The woman with the hemorrhage in mark is also ripped from 2 Kings. Jesus healed her of a reproductive problem just like Elisha who made it possible for the Shunammite to conceive.
2 Kings 5:22
In 2 Kings, Gehazi’s fatal error where he has exacted from Naaman “a talent of silver and two cloaks”.
Mark forbids the missioners to “take along money nor two cloaks”.
2 Kings 4:29
The provision of a staff paralleled Gehazi’s mission for Elisha “take my staff in your hand and go”.
Mark 6:30-44 (Mark 8:1-13 works as well):
2 Kings 4:42-44
In 2 Kings, Elisha multiplies 20 barley loaves for a hundred men. Mark writes that Jesus multiplied 5 loaves and 2 fish to feed 5000.
1 Kings 17:8-16
In Mark, Jesus meets a foreign woman who requests help for her child.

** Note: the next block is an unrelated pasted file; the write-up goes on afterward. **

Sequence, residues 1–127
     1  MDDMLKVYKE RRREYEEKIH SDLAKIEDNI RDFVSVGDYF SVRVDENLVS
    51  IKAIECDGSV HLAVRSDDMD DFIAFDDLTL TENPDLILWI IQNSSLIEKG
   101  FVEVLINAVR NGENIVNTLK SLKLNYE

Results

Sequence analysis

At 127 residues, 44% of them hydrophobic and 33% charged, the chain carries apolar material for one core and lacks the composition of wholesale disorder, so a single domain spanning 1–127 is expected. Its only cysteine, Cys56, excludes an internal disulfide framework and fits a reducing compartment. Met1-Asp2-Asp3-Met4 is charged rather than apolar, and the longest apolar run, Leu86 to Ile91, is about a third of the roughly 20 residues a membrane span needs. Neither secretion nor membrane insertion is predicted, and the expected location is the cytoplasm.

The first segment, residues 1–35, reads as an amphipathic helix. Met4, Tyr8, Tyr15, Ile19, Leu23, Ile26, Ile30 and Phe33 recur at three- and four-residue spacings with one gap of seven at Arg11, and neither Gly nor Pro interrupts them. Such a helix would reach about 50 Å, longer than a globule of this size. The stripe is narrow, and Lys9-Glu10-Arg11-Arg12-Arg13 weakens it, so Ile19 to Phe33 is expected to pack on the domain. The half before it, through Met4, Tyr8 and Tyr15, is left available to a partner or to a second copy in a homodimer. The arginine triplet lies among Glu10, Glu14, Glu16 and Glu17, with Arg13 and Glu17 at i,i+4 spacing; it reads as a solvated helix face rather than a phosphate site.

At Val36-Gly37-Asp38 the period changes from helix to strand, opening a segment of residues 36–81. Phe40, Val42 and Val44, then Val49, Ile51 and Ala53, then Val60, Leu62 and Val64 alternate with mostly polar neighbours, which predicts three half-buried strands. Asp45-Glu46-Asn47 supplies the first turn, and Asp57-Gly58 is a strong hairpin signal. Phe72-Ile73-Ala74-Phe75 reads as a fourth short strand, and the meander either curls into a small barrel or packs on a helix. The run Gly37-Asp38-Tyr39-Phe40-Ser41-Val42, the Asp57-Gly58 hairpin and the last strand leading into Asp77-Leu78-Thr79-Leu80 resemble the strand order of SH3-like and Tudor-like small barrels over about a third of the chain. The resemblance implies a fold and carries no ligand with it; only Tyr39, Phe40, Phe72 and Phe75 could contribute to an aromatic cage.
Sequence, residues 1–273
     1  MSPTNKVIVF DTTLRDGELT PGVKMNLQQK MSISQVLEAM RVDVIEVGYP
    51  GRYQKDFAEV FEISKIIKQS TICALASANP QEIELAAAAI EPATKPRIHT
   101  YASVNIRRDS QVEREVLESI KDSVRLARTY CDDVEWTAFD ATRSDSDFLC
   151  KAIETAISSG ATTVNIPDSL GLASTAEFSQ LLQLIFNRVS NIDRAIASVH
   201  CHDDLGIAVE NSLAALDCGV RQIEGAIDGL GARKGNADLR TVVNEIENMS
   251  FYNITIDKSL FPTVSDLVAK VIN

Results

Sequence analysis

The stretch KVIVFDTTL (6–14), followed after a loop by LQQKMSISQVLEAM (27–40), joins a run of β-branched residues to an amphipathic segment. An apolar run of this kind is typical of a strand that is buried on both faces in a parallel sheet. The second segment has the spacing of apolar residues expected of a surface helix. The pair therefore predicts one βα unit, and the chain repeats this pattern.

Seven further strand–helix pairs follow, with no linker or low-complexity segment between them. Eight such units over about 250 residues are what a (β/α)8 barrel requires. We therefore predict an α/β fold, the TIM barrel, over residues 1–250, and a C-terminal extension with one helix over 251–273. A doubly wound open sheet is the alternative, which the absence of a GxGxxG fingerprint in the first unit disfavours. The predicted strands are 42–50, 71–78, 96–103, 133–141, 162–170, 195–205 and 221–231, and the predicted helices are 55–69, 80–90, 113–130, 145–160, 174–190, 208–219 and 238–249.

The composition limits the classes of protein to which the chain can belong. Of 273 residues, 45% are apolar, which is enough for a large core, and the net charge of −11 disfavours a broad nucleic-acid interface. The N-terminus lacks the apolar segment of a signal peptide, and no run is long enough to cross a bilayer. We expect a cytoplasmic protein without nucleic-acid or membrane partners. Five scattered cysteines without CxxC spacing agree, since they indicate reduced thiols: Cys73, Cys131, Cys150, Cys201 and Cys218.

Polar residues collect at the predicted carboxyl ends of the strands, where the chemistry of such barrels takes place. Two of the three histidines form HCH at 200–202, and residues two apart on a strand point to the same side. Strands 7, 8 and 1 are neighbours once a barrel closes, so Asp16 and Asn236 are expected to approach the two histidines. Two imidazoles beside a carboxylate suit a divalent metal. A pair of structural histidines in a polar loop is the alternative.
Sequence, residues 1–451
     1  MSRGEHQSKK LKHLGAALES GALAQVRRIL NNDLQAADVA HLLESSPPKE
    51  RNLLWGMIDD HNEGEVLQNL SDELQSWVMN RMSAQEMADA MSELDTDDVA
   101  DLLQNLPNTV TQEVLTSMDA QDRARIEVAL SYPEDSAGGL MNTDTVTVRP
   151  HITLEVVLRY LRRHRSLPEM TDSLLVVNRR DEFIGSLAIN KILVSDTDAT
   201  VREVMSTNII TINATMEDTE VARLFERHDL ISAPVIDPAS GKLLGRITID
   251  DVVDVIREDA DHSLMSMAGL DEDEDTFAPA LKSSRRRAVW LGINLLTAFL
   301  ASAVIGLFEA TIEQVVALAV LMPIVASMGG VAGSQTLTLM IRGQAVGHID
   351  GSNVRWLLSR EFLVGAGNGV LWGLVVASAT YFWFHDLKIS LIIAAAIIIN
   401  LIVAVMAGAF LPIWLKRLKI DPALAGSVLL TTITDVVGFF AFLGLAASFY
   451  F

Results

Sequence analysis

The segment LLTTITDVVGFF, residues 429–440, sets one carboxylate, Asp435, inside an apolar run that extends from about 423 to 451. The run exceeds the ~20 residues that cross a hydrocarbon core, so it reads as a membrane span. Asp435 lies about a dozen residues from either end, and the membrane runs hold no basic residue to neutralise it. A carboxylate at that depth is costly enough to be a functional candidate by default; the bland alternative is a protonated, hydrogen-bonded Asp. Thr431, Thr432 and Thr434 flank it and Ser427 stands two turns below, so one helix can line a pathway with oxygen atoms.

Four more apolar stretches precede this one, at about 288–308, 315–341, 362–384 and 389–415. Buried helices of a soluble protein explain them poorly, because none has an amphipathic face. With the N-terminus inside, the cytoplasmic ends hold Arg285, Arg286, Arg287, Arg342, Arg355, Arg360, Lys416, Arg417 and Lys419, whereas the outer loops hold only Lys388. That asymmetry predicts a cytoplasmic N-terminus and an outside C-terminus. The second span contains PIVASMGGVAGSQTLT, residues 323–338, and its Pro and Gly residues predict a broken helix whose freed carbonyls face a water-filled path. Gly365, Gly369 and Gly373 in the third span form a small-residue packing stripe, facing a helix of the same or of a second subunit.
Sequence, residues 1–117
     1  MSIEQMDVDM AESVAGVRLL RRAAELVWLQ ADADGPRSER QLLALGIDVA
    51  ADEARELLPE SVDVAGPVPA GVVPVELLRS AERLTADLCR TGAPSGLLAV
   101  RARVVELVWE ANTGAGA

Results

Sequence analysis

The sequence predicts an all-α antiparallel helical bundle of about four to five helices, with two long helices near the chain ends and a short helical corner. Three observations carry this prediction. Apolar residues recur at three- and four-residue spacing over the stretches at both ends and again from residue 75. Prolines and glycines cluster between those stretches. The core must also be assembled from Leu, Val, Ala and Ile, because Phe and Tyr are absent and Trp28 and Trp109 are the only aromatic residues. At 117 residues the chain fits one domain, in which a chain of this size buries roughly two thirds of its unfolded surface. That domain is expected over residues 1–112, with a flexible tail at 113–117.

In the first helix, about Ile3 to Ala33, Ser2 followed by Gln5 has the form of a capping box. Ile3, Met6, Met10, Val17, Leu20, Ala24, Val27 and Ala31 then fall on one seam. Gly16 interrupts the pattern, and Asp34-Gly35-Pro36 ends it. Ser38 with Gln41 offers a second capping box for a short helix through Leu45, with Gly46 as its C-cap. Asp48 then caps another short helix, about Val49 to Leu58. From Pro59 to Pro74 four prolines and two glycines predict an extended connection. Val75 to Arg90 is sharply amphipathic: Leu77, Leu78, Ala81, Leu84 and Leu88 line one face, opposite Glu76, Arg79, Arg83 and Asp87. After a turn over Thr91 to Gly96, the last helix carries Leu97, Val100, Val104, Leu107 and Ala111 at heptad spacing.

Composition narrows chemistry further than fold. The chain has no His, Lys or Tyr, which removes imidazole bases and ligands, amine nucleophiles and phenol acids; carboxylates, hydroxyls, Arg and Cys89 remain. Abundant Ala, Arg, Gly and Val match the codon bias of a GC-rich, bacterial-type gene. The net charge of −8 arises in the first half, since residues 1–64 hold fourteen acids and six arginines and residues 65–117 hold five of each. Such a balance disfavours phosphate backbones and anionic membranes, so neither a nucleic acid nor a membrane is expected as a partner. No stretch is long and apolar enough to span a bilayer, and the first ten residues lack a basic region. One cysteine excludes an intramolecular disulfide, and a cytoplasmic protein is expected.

In 1 Kings Elijah is dealing with the widow of Sidonian Zarephath, encounters the foreigner and does a miracle for her and her son.
As Price puts it “In both cases, the miracle is preceded by a tense interchange between the prophet and the woman in which the prophet raises the bar to gauge the woman’s faith”
Mark 7:31-37 (and Mark 8:22-26, possibly even 10:46-52):
Isaiah 29:18 “In that day the deaf shall hear the words of a book, and out of their gloom and darkness the eyes of the blind shall see”
Isaiah 35:5-6 “Then the eyes of the blind shall be opened and the ears of the deaf unstopped; then shall the lame man leap like a hart, and the tongue of the mute sing for joy”
And Mark has Jesus heal both a deaf and mute man in Mark 7.
The parallel with Mark 8 also needs reference to Genesis 19:11-13 where Lot is warned to leave the city like the once blind man is told to avoid the village.
Exodus 24 and 34:29
Jesus ascends a mountain where his transfiguration is, similar to how Moses ascends a mountain to get the tablets of the Torah.
Mark saying “and 6 days later” hints at this Midrash as the Exodus account had them waiting 6 days before God spoke on the 7th.